Build your vocabulary with Merriam-Webster's Word of the Day! Each day a Merriam-Webster editor offers insight into a fascinating new word -- explaining its meaning, current use, and little-known details about its origin.
September 29th, 2015
Episode 334 of 875 episodes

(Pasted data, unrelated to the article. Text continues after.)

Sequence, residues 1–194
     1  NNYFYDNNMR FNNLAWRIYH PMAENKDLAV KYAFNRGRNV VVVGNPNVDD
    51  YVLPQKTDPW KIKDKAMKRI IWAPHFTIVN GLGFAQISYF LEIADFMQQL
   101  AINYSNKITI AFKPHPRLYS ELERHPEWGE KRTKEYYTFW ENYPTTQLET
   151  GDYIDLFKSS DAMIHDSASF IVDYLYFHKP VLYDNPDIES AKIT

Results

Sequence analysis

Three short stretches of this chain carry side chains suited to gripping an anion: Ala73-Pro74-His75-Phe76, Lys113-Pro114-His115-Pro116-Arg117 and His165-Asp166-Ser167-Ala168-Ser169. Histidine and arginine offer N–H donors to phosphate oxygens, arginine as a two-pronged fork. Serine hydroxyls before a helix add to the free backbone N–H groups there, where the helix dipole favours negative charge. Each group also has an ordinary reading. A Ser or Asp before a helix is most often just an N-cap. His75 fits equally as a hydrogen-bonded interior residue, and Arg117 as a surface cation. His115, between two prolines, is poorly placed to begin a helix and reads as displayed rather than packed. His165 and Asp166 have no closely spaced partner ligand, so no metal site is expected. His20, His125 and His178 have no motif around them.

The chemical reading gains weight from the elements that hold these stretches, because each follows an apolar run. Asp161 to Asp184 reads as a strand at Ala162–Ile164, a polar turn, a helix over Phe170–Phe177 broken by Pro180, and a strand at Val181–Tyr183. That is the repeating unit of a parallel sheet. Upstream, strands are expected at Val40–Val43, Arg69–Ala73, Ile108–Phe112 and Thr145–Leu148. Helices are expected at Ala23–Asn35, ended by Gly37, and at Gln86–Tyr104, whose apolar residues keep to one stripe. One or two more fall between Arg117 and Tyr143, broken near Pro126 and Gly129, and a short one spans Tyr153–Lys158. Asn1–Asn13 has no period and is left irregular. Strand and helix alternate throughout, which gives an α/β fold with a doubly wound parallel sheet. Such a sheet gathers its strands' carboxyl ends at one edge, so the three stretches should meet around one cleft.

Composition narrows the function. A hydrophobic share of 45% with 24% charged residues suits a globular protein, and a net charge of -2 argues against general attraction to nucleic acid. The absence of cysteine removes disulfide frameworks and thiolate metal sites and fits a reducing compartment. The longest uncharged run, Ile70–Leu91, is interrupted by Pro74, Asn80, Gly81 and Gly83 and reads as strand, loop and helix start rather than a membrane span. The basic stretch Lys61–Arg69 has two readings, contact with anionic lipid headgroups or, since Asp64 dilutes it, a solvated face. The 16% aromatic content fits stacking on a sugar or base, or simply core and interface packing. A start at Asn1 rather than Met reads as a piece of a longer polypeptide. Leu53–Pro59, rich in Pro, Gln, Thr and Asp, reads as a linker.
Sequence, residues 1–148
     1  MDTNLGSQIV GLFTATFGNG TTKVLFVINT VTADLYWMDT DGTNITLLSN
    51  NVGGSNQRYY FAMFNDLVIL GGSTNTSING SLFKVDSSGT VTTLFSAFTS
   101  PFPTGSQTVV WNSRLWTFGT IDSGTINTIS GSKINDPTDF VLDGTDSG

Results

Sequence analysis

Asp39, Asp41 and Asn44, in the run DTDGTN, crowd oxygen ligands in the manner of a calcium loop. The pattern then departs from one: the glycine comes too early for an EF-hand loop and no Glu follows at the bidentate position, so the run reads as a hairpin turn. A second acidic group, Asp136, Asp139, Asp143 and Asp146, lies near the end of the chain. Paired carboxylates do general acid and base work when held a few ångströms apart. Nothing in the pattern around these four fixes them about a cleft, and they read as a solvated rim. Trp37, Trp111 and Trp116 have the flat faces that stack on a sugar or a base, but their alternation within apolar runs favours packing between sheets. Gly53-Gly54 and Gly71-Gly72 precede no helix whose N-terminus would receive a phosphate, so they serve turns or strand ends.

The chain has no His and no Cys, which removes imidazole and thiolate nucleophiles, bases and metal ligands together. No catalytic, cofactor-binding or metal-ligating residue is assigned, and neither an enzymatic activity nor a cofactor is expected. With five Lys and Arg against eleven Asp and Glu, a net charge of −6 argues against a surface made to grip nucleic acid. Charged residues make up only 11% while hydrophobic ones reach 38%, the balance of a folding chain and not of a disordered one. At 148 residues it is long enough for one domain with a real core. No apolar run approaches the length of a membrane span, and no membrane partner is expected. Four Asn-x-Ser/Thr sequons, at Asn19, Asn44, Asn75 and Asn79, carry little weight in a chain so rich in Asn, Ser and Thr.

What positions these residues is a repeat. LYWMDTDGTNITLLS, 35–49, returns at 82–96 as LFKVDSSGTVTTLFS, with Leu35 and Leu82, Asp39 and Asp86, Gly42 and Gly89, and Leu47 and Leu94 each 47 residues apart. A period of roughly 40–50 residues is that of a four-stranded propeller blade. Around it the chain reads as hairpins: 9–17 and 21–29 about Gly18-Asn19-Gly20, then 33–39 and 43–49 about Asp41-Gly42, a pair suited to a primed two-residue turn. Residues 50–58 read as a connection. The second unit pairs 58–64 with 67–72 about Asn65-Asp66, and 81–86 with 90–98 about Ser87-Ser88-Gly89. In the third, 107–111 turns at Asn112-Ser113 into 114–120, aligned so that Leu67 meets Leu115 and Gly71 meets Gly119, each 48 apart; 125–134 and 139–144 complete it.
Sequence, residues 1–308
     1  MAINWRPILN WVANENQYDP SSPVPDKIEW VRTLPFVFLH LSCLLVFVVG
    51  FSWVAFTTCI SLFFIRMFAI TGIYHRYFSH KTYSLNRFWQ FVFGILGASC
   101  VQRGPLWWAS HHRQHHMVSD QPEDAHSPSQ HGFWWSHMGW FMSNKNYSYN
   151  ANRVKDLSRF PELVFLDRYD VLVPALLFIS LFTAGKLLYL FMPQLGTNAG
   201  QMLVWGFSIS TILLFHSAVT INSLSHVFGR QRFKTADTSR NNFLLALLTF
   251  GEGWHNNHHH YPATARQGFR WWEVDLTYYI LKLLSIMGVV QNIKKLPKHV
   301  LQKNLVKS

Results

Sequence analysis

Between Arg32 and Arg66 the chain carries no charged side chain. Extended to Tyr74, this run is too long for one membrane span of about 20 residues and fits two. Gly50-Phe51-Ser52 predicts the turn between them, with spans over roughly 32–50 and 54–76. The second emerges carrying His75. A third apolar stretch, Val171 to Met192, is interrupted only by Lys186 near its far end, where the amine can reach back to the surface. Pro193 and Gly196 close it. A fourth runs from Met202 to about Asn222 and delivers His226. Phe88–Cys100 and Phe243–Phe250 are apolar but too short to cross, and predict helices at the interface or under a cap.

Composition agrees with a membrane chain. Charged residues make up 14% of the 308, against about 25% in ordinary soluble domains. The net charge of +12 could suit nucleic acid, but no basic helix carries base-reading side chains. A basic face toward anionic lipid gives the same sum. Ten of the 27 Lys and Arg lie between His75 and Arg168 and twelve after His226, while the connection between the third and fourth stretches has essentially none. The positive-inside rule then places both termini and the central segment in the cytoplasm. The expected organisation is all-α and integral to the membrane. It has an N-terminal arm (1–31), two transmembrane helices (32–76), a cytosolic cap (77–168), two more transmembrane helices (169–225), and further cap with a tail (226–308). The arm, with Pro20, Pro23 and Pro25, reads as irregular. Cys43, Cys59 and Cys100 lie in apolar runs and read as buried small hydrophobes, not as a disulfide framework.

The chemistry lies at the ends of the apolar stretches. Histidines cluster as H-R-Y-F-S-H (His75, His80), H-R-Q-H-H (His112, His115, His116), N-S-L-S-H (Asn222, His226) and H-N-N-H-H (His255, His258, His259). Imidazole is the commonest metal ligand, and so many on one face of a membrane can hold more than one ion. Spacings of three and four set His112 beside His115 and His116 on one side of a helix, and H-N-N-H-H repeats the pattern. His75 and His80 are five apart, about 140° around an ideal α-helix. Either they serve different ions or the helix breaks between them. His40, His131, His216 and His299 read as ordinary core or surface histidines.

Merriam-Webster's Word of the Day for September 29, 2015 is: askew \uh-SKYOO\ adverb or adjective : out of line : awry Examples: He said he was fine but he looked as if he'd been in a fight: his hair and clothes were disheveled and his glasses were askew on the bridge of his nose. "Even so, the impact of the collision damaged the interior wall of the building and sent post office boxes askew." Jon Johnson, The Eastern Arizona Courier (Safford, Arizona), 17 Aug. 2015 Did you know? It's believed that askew was formed simply by attaching the prefix a- (meaning, among other things, "in (such) a state or condition") to skew. The word skew, which derives via Middle English from Anglo-French eschiver, meaning "to escape or avoid," can be a verb, adjective, or noun. But at the time of the first appearance of askew in English, in the middle of the 16th century, skew had only been established as a verb meaning "to take an oblique course or direction." At least one etymologist has suggested that askew might have been influenced by an Old Norse phrase, and that the same phrase might have also given us askance. In the past, askew was used synonymously with askance, as in "She looked at me askew after my ill-timed joke."
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